Kelly A. Smith Interviews Allan Gurganus, for the Spring 2010 Iowa Writers’ Workshop Alumni Newsletter
Q: Encountering art seems something sacred to you. All of us who have been part of the Workshop community are naturally sensitive to beauty in its various forms. But, after reading your work and getting to know you this semester, it seems that an encounter with art is almost holy.
A: I don’t blame a conscious God for this unconscionable scrambled-egg world of ours. I can’t imagine any deity caring how this happy interview proceeds. Therefore, a grown man, I must find values and ballast elsewhere. Humor, ever present as my chubby sidekick, is a great ally. Memory has stayed my ideal twin sister, if one less and less around when I most need her. And Beauty is everywhere at once. Undergrads barely in their shorts today play Frisbee on all Iowa City lawn. Exquisite torture. Beauty gives itself so readily if only we’re un-depressed enough to accept its latest offer.
Writing fiction is a strange combination of being a talent scout, unaffiliated priest, an able-bodied janitor. We’re professional eavesdroppers, on-call celebrants, all-purpose salvage crews. When it’s practiced daily, such attention-paying comes a close second to believing in God. (Plus you’re spared accepting the appalling corruptions of the Church. Even church-members are starting to notice!). Fiction’s near enough a show, a science and a miracle to serve as one’s single organizing principle.
I’ve urged my Workshop students to install something funny and something beautiful on every page of their work. Readers will likely stay longer. (The trick, of course, is deciding what in the world you find most amusing and gorgeous). As smart and serious public citizens, we must fight to allow ourselves the consolations of beauty. Puritans, we’ve never quite trusted it. I make no distinction between a poetic line and a…prosaic one. That’s a matter of margin-settings and capitalizing first words. It should all rock and sing and surprise.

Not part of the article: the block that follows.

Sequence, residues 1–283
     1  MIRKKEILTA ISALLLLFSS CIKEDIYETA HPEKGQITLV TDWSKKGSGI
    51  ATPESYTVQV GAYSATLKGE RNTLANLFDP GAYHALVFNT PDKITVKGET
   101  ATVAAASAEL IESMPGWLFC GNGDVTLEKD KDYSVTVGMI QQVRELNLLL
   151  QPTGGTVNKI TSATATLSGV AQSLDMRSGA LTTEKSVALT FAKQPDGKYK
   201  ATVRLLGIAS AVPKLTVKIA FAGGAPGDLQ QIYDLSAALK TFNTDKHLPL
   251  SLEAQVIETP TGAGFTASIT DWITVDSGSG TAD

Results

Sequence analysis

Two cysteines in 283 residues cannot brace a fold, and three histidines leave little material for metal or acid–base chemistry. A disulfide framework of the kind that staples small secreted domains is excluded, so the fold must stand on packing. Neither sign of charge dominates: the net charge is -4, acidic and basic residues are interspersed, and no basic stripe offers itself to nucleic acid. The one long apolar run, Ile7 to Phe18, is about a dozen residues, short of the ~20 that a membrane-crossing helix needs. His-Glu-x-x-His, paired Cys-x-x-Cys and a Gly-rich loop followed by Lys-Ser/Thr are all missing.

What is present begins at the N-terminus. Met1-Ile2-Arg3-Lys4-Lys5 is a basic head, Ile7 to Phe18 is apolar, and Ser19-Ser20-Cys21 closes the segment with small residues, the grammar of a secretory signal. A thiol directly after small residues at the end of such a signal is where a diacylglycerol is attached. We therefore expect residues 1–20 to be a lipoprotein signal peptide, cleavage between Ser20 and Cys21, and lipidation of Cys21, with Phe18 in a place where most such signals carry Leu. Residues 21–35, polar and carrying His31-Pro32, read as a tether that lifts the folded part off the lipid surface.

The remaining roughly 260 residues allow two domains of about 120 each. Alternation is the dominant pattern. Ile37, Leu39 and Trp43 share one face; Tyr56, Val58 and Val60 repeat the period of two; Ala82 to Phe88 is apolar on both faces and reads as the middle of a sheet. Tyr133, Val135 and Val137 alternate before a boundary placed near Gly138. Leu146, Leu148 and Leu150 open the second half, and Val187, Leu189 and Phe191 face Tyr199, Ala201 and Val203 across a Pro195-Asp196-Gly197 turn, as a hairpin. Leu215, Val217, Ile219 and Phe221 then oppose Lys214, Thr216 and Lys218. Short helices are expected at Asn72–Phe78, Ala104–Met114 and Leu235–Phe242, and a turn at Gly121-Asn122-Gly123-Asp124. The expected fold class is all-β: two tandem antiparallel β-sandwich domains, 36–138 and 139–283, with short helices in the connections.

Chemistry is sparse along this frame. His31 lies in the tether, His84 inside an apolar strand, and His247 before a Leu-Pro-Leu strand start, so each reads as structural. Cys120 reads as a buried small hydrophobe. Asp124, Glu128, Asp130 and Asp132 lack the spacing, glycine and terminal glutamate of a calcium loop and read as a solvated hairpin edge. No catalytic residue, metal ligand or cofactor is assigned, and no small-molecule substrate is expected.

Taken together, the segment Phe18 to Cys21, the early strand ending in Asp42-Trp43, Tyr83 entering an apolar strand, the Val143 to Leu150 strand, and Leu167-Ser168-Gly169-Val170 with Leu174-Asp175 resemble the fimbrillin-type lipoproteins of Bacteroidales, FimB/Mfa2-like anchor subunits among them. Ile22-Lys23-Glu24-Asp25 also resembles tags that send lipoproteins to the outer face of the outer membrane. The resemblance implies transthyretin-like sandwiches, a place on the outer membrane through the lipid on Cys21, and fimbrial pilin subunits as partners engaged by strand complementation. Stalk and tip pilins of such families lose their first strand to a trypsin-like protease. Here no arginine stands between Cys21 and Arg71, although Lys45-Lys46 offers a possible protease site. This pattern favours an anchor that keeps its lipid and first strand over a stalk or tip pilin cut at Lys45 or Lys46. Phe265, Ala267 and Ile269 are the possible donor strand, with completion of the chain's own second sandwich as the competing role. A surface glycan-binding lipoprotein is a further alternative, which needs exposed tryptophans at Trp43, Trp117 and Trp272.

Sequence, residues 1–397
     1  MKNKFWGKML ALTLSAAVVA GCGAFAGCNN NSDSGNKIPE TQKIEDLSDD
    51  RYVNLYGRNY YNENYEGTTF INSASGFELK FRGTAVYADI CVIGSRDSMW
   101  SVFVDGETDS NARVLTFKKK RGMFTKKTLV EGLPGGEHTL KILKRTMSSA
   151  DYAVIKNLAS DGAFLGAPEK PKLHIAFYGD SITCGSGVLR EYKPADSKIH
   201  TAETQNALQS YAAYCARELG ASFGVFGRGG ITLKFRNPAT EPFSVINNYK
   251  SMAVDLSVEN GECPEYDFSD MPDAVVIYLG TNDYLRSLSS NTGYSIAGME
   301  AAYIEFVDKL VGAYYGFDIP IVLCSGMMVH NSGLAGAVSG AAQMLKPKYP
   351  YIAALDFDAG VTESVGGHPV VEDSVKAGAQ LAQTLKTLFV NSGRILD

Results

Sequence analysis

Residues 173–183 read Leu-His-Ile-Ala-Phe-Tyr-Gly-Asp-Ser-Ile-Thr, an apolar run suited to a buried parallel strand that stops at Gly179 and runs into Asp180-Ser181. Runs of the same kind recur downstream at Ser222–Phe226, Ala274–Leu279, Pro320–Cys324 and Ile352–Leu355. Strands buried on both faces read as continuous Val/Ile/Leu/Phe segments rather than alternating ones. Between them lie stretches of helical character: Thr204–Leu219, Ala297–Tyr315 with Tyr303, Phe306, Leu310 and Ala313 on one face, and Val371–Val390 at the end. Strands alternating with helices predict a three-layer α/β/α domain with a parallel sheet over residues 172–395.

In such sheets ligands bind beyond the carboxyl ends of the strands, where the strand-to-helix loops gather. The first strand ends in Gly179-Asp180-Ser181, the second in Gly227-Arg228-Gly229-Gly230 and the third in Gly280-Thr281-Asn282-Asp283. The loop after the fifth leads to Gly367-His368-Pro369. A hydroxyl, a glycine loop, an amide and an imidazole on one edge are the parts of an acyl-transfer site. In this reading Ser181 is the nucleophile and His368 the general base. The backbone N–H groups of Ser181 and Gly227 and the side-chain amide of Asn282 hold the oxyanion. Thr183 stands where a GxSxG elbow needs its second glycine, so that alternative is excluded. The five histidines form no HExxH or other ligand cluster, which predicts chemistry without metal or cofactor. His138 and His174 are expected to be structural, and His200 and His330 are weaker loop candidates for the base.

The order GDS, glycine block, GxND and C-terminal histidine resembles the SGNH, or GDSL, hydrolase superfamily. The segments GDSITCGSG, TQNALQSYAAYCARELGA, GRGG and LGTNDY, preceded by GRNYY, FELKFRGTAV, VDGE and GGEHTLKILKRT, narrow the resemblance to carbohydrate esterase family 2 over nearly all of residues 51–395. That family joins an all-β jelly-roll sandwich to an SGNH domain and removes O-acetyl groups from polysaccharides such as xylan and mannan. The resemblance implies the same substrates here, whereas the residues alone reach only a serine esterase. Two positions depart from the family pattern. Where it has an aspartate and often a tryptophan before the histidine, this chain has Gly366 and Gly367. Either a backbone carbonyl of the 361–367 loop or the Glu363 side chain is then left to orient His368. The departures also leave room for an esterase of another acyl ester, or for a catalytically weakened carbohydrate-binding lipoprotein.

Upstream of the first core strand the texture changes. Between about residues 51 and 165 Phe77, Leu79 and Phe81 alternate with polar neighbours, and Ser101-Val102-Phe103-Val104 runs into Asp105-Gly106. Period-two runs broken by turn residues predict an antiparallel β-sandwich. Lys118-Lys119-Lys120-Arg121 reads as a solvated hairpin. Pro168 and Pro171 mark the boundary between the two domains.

(If a novelist mentions the name of a color in her first or second paragraph, the chance of a reader’s staying put is instantly enlarged. Not just ‘red’, (a particular favorite) but `wet-slate gray’, or `pea-soup green’. Some trance occurs when your reader helps concoct a very specific color from the black-and-white page. The reader has just becomes your artist’s assistant, your Dr. Watson collaborator.)
We’re all fools for beauty. Apart from the joy of being in love, the pleasures of community, the delight of living around children and the right to eat three times daily — it’s the biggest privilege. Despite our constantly poisoning this planet, who can deny it’s stayed stubbornly beautiful. Fiction begins with the little we can agree upon. Natural beauty offers such a starting place.
It’s also consolation for some of the loss that you’ve written about—how coming of age as an artist involves turning away from inherited family ways.
Mom and Dad made sure my three brothers and I had shoes roughly the right size. They bought us encyclopedias; they churched us verily unto atheism itself, Amen. I benefit from several other mistakes our folks made. They’re dead now. I can finally be more candid. All of us are walking around with our parents’ hopes for us branded on our foreheads. My Dad expected me to run General Motors. Or least to run their Ad wing. And look how that enterprise tanked, even without me! Thank God for therapy and forgetfulness.
In fiction and daily existence, I value having learned to live forward, most always forward. In and out of print, I am cautiously pessimistic. But I still get these bouts of Hope. They come on like migraines. Entering middle age, we carrying the growing quorum, all our loved ones who died first. There’s an Auden line I love,
“The nightingales are sobbing in the orchards of our mothers, And hearts that we broke long ago have long been breaking others.”
Such tallying can feel oddly clarifying. Every decade I’ve lived has made me simpler, kinder, if five pounds heavier. My Twenties looked good from the outside but lived as an inward hornet’s nest. The decades since have each grown quieter, more replete.